SKETCH 2 |The Women Choreographers
SKETCH 2 | The Women Choreographers
August 2-4, 2012 ODC Theater
World premieres by Amy Seiwert, Julia Adam and Gina Patterson
How does a 500-year-old artistic language sustain and develop a relevant voice for today? For an art to evolve, it must be practiced continuously. Choreographers need the opportunity to create work in an environment that encourages risk and innovation. SKETCH creates that fertile, intensely creative environment. On August 2, 3, & 4, ODC Theater will become the sight of the final performances of a month long investigation in the process, and the glass ceiling in ballet. While there is not prescribed agenda regarding what the dances will “be about”, there is no question what the process is about...women in ballet. Amy Seiwert’s Imagery is commissioning some of the countries most talented and gifted dancers and choreographers to come together, collaborate, and investigate ballet in an environment where habitual reactions are discouraged. Risk, challenge, and questioning will be at the forefront of what is the evolution this artform, keeping ballet relevant in today’s artistic landscape.
The lack of female ballet choreographers in a field where most of the participants are women is an odd phenomenon, and SKETCH 2 is a perfect vehicle for addressing this lack of opportunity within the field. The titles of the articles written on the topic say much, for example the New York Times article by Claudia La Rocco, “Often on Point but Rarely in Charge,” or Evan Namerow’s response to New York City Ballet’s Architecture of Dance Festival - “Architecture of Ballet: Men on Top, Women on Stage” in the dancingperfectlyfree.com blog. The suspected reasons for this trend are many, and though suspected reasons can be debated, Ms. La Rocco states a simple truth in her article, “...as women have flourished as artistic leaders in modern dance (albeit with some struggles), ballet has lagged behind.” Seiwert, Adam and Patterson were professional ballet dancers, and all three danced well into their 30s. All were training seriously by age 12 and came of age in an environment with few women in leadership positions. Imagery is dealing with this bias the best way we know how – creating opportunity.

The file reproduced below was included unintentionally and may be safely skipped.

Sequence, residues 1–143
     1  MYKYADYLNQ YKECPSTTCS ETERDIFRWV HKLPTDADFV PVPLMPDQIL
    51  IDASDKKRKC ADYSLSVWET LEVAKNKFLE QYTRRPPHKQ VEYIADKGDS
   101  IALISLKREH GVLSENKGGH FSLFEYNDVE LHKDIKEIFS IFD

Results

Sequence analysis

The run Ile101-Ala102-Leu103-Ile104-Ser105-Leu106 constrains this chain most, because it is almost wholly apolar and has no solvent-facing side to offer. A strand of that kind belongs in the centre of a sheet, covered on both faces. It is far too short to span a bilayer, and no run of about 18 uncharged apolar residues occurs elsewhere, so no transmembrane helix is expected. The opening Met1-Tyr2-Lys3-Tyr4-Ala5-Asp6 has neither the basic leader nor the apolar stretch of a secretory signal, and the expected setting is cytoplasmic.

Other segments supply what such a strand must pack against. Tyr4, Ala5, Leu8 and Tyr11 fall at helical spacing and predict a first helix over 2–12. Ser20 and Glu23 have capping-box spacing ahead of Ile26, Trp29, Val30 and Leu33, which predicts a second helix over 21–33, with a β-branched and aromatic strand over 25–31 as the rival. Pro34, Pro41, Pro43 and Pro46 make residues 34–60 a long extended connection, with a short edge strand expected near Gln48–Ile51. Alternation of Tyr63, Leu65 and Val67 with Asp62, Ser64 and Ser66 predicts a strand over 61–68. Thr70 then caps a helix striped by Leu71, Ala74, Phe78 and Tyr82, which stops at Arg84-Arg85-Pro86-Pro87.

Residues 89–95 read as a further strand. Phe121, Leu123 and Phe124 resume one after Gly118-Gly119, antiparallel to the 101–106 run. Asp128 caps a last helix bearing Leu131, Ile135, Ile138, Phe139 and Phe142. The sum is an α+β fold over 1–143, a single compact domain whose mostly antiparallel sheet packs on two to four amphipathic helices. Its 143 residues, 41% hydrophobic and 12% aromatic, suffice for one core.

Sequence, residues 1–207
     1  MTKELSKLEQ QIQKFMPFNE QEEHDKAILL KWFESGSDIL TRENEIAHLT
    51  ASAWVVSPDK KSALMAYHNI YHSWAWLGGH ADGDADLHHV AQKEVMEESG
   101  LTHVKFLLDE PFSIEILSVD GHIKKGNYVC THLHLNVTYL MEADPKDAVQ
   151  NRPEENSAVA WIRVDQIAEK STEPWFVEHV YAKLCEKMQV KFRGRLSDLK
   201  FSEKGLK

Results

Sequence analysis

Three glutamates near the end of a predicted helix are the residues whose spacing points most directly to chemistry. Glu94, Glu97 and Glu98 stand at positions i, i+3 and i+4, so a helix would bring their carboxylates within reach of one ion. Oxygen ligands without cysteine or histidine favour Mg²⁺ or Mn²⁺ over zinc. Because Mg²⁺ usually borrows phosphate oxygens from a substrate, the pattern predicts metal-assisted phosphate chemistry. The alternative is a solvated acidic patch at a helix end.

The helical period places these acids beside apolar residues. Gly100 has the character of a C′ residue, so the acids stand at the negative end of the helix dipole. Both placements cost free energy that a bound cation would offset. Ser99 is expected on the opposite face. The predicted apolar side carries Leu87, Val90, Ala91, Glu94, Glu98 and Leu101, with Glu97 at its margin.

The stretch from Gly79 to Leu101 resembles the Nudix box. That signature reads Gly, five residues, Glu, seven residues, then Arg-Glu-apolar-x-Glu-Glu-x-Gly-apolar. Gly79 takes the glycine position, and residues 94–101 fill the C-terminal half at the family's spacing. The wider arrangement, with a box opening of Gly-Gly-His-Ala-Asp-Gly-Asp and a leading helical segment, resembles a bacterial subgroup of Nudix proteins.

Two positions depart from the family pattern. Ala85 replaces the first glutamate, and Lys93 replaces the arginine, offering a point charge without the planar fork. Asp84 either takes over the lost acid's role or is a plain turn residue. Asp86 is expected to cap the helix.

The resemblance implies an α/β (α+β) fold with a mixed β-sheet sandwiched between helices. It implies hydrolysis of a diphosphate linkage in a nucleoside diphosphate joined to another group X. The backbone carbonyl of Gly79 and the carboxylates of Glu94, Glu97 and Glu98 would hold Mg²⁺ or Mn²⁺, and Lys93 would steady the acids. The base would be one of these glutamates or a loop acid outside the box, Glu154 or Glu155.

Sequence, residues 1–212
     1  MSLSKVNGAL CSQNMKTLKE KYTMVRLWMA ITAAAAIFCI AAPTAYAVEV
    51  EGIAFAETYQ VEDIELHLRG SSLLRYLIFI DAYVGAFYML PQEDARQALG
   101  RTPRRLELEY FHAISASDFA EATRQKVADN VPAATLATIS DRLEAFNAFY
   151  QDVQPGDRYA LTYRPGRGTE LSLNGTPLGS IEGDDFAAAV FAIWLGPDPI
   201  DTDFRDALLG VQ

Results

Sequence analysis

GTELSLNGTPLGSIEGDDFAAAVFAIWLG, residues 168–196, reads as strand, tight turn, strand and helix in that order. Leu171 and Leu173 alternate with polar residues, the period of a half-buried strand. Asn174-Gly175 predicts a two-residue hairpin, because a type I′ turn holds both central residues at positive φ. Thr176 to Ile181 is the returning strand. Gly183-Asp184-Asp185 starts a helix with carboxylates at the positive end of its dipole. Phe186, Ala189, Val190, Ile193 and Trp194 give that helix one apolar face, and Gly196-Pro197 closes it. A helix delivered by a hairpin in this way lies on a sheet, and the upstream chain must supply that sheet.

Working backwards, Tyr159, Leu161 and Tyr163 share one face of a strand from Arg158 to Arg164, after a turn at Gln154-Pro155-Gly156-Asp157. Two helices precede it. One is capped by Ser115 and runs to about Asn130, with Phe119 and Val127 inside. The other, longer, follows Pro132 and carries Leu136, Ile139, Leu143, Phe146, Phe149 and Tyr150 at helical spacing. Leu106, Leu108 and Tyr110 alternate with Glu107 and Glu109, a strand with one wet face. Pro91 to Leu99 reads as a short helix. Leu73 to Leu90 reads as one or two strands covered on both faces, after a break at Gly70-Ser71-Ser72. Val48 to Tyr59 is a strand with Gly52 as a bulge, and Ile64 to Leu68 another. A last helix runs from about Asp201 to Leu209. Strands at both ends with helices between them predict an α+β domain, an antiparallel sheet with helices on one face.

The Women Choreographers
Sarah Cecilia Bukowski
Brandon “Private” Freeman